With what appeared to be a confirmation that Pearl Jam will indeed be returning to Budapest, I felt obligated to put on a party to celebrate in my adopted hometown. We organized a huge pre-party the night before the show, where a few hundred of us met up at the famous ruin pub Szimpla Kert for some drinks and some laughs.
The Superunknowns turned up the volume on a powerful performance and we also conducted a fundraiser benefiting an organization called The Copernicus Group (started by Polish Pearl Jam fans) who are helping Ukrainian refugees. We raised over 1000 Euros (between this and the Krakow fundraiser), and Pearl Jam even took notice and made a significant donation of their own separately. It felt good and we all felt good, even when the venue kicked us out at 3am.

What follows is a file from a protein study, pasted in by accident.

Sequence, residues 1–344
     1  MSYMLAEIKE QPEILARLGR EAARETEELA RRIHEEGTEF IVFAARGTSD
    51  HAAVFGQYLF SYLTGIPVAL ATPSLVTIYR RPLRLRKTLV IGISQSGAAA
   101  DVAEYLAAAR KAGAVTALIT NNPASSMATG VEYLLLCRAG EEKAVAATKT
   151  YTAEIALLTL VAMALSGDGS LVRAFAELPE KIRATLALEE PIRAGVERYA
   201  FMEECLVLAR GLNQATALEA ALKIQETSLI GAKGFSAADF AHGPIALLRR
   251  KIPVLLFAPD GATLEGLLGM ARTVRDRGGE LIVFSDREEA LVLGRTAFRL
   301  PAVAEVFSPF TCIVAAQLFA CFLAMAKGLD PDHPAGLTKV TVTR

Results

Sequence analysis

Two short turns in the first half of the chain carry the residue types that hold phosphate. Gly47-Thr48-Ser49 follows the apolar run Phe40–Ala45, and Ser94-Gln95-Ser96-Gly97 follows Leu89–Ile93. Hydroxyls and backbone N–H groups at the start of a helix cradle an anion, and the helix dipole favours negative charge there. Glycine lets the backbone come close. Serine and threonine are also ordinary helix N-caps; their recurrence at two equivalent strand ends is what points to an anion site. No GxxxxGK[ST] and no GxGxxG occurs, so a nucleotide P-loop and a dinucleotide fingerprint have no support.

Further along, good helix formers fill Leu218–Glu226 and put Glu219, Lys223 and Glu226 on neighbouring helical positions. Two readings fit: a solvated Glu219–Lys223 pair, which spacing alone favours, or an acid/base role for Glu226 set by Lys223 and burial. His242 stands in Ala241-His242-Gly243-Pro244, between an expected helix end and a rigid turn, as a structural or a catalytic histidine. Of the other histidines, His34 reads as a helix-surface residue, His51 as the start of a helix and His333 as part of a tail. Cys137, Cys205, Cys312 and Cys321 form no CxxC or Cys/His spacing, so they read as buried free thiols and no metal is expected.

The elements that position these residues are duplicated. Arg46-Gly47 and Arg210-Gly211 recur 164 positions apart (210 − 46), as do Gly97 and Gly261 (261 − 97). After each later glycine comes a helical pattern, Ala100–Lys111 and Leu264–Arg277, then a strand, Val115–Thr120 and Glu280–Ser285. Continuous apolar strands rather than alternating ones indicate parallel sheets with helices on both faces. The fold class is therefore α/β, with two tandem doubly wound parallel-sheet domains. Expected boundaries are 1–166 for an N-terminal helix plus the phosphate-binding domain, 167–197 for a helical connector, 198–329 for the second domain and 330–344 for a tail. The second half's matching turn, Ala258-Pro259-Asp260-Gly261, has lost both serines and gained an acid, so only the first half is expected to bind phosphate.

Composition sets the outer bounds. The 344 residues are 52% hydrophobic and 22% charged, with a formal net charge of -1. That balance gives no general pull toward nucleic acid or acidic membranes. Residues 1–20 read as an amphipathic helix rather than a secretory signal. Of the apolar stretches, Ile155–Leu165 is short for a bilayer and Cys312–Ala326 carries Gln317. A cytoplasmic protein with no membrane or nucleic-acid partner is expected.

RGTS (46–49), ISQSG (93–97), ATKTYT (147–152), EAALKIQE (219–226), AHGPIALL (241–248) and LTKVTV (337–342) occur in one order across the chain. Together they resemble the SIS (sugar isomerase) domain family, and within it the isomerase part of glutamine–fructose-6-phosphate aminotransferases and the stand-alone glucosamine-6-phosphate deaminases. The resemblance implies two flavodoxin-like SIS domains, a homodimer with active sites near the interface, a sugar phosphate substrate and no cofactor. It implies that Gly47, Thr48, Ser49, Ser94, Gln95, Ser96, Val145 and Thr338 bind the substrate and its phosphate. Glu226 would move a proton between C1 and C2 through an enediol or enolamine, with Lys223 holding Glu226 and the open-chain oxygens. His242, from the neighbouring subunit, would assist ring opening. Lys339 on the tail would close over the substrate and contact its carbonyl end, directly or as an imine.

Budapest was excited. And along with the thousands of Pearl Jam fans travelling around Europe nowadays, I had little doubt that we would fill the arena and bring enough energy for an unforgettable evening.
On the day of the show, there were already hundreds of fans lined up for general admission entry. Most had been camping out for 2 days. Around on the other side of the venue, there were a similar number of fans waiting for the merch stand to open up. Hungover or not, Pearl Jam fans are dedicated.
Around 1:30pm, we were let into the outside area of the arena where we could throw our money at all the swag. When it was our turn, we handed them our credit card and asked for 4 of everything that said Pearl Jam Budapest on it, or whatever the limit was they allowed. Apparently, the prices were 30% cheaper than the other shows due to the recent drop in the local currency. That worked for us.